It’s pretty common to surround ourselves with images of what DJing should look like. Lights. Crowds. A shot from the booth. This is the inspiration for most of us to continue our hunt for the next great track. We want to get to a level where things are cool, easy and free. It’s an awesome dream! So keep heading for it. And while you’re learning to DJ, check out one basic rule about what to expect along the way.

Started from the bottom

Think of a career in music like a pyramid. At the top is the pure high art, written by celebrated artists for centuries. Also the most rare. The barrier to entry for this club is sky high. Only a handful join, ever. Most of us hang around at the base of the pyramid, where it’s easier to be. We’re not trying to make high art. We’re trying to have a good time with good people. So there’s no reason to complicate things.

But at the base of the pyramid are loads more people. This is where we start the climb. This is where we continue the upward trudging away from obscurity and into professionalism. Many of us are competing for a higher spot in whatever way we can.

And the rule is…

So here’s the general rule: the easier something is to do, the more people are able to do it. And, of course, the opposite is true: the harder something is to do, the fewer people are able to do it. This rule should guide you throughout any creative career you choose.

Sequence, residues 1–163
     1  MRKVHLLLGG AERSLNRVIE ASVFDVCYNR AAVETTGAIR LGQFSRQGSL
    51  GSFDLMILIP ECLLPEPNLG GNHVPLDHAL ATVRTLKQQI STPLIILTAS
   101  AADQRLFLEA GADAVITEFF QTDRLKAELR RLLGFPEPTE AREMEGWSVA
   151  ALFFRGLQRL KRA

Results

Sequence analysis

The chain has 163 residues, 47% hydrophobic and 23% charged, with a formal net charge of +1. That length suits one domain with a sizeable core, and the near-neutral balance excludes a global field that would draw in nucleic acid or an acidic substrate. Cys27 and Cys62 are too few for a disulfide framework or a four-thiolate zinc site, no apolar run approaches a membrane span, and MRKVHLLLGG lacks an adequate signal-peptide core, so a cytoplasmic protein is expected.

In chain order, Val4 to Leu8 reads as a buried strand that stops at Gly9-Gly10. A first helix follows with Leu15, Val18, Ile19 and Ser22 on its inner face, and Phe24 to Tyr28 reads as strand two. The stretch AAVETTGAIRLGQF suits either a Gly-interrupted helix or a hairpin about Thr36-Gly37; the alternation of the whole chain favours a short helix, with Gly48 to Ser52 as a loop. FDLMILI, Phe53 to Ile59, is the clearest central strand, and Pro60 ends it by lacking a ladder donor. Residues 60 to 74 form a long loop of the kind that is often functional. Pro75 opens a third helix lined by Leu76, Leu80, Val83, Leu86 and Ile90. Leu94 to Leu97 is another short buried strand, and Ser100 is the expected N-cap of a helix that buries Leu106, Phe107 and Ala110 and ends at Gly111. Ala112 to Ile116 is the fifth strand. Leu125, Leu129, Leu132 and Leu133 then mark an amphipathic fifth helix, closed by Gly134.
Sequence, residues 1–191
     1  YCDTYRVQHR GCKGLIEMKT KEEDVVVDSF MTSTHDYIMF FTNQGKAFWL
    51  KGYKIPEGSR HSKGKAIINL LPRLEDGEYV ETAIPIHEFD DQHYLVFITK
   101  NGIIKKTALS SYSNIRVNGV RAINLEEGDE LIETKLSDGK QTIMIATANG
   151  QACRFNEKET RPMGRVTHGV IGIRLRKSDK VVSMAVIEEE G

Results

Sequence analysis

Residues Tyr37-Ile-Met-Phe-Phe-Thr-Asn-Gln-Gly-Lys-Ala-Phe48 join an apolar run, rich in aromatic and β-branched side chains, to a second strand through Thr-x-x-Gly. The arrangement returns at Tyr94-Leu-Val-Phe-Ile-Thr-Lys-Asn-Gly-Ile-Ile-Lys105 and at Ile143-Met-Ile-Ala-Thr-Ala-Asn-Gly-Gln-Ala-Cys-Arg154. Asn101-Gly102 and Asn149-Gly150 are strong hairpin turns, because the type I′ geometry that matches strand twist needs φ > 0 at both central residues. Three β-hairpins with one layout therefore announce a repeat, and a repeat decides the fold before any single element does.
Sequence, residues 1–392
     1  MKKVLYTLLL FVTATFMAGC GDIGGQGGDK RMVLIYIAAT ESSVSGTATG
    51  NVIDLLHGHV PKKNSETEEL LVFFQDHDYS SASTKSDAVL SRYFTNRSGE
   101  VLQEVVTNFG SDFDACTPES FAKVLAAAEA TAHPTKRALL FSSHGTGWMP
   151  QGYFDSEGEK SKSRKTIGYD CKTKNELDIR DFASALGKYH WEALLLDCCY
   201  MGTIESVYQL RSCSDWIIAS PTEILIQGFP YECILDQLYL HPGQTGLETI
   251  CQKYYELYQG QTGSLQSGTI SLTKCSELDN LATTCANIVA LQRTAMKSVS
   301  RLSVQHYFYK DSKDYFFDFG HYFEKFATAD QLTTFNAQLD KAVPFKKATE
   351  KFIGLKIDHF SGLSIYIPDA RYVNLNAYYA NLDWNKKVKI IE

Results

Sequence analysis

It should inform your track selection. The easier it is to find your tracks, the more people are finding the same tracks. Should you ever manage to fly across the world to go crate digging for obscure vinyls in an African village, you’ll likely end up with a cut that nobody else has. And DJing is all about having the music that nobody else has.

The short and long game

The easier it is to summon crowd of people in a busy part of town, the more quickly they’re going to disappear when the next act comes along. Conversely, if your small audience consists of people who make the effort to get out to your slot on a rainy night, it means they’re invested in you. These are the people who stick by you through it all.

The easy and the difficult approaches can also be framed as the short and long game. It’s up to you where you’d like to position yourself. The short game means more instantly gratifying success which can disappear just as instantly. The long game means deeper and more meaningful connections that may take forever to forge.

It’s entirely up to you how you want to go about making a name for yourself. What is essential to all paths, however, is that you’ll need to know how to work the gear. You’ll need to know what DJing is about, how to stoke a crowd and when to play it chill. Learn to DJ with DJ Courses Online by signing up for one of the programs and level up today.

John Bartmann is a music producer and DJ.